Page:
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Alan Wong, Thomas Palmeri, Isabel Gauthier; Individuation training but not categorization training leads to configural processing of non-face objects. Journal of Vision 2008;8(6):883. doi: https://doi.org/10.1167/8.6.883.
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© ARVO (1962-2015); The Authors (2016-present)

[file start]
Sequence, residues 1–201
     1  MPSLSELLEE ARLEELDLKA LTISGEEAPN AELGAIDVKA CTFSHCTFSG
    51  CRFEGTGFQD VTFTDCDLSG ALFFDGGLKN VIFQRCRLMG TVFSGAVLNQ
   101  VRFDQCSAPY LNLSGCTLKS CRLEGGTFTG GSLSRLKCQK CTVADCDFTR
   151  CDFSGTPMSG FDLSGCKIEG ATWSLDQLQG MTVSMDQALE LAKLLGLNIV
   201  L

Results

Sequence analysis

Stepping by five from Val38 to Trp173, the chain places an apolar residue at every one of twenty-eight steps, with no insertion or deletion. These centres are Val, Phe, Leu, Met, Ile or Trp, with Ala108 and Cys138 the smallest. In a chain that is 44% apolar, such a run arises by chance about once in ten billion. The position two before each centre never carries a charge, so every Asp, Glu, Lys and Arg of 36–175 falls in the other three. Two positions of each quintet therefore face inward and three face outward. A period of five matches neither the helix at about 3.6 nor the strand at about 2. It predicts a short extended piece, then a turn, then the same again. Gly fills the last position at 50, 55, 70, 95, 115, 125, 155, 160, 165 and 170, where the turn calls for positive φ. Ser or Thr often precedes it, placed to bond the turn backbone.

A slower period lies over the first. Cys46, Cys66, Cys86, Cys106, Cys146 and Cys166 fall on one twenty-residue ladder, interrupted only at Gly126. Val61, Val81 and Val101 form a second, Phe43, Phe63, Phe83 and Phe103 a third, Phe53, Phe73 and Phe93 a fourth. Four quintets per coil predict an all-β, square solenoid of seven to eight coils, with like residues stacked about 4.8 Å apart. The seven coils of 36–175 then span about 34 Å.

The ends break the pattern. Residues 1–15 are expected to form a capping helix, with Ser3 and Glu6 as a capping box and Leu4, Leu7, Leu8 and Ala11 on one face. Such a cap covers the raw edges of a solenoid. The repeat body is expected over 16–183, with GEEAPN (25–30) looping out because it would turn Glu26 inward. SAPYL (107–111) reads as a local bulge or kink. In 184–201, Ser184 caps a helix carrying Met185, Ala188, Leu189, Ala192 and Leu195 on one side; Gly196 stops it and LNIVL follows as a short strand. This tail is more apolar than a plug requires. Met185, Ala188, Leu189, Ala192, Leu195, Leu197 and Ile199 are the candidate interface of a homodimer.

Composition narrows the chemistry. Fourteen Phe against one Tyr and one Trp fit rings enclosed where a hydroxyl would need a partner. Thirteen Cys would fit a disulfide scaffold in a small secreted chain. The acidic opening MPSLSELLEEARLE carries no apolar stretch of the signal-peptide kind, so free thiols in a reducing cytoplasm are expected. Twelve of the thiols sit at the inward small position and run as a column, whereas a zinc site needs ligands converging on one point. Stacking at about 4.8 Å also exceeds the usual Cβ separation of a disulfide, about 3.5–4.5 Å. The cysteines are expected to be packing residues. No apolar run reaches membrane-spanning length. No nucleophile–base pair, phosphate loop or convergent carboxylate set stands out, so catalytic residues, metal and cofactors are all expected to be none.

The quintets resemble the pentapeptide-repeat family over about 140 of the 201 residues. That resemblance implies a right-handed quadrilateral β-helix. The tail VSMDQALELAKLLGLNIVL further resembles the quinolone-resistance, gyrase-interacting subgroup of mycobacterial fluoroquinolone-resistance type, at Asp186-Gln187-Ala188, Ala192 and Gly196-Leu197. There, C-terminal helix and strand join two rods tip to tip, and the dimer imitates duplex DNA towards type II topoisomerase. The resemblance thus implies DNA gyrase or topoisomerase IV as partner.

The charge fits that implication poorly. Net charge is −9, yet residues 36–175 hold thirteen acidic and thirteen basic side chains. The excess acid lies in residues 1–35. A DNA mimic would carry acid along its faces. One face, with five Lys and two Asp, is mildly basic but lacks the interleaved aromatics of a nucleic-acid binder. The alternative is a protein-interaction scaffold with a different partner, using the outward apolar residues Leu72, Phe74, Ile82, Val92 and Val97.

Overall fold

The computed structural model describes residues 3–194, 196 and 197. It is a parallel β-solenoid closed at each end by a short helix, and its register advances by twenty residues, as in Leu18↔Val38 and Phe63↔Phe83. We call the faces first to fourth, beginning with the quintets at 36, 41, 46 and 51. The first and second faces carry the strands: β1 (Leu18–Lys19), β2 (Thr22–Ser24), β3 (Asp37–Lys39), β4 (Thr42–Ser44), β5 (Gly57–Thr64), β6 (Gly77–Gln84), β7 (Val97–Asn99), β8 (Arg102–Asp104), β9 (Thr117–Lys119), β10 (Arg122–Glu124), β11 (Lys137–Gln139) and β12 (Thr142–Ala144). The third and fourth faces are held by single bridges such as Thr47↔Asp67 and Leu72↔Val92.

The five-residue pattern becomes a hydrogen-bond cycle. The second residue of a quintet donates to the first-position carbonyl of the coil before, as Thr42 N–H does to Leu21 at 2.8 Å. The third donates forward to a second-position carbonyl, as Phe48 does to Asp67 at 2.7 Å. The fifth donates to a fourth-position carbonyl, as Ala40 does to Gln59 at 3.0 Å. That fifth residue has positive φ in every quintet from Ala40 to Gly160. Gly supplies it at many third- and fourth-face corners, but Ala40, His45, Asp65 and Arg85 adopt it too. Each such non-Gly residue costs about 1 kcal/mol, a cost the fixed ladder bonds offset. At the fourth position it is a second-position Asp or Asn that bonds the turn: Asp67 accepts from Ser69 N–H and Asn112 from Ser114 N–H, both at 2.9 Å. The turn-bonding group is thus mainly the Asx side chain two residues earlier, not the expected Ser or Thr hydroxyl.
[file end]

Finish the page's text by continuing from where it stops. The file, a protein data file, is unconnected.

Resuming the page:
Experience plays an important role in the specialization of the visual system for different object categories. Support comes from training studies showing that several hours of individuation experience with novel objects (‘Greebles’) result in behavioral and neural phenomena similar to those found for face perception (Gauthier et al., 1997, 1998). Surprisingly, it is unknown whether such training effects are specifically caused by experience individuating objects or whether other kinds of experience might be equally potent in causing these behavioral and neural changes. The current study compared two types of training to probe the effects of different kinds of object recognition experience. Two groups of participants went through training procedures that either emphasized individuation or categorization of a set of novel objects (‘Ziggerins’). The Ziggerin set contains 6 classes each with 12 individuals. Individuation training involved learning to uniquely identify each Ziggerin, similar to the demands of previous Greeble studies. Categorization training involved learning to rapidly categorize kinds of Ziggerins. Like the earlier Greeble studies, individuation training resulted in more improvement in recognition at the individual level than at the category level, and resulted in an increase in holistic and configural processing as measured using a composite paradigm (Young et al., 1987). Perceptual expertise individuating a set of novel objects specifically causes those objects to be processed in a more holistic and configural manner. In contrast, categorization training resulted in a larger improvement in recognition at the category than individual level, and led to little or no evidence for holistic or configural processing. Experience with novel objects in a task that does not require individuation was insufficient to produce face-like effects. Our finding that individuation training and categorization training have different behavioral consequences provides more support for an important role of experience in the specialization of the object recognition system.
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